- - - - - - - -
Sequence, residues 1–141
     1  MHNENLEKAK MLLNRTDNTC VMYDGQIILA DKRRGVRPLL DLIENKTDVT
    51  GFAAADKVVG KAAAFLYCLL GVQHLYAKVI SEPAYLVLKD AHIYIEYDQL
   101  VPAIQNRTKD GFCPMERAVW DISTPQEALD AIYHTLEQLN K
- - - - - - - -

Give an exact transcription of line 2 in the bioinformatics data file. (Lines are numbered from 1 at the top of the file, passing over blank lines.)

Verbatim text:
     1  MHNENLEKAK MLLNRTDNTC VMYDGQIILA DKRRGVRPLL DLIENKTDVT